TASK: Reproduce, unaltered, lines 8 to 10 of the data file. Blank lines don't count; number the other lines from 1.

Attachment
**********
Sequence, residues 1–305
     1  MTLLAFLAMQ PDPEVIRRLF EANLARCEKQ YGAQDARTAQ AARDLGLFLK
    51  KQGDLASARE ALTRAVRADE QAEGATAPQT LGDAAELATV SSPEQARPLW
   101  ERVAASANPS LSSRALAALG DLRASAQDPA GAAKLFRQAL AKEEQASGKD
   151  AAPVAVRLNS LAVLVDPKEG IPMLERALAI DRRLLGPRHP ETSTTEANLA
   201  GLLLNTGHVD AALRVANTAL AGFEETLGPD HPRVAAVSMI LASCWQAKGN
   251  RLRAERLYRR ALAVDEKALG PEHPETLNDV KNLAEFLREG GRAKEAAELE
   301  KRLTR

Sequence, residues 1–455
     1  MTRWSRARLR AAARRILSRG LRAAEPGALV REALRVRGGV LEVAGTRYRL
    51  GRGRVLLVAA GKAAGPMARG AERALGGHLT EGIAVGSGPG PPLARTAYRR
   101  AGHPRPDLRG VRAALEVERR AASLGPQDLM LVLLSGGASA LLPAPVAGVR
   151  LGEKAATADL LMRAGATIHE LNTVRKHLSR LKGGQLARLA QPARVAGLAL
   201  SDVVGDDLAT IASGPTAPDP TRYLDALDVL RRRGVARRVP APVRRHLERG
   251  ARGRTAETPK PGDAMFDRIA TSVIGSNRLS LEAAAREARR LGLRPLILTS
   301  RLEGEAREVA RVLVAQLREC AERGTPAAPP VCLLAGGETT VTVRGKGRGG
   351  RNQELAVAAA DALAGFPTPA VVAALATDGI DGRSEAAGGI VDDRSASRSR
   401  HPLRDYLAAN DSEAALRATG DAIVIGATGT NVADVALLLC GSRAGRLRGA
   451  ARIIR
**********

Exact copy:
   301  KRLTR

Sequence, residues 1–455
     1  MTRWSRARLR AAARRILSRG LRAAEPGALV REALRVRGGV LEVAGTRYRL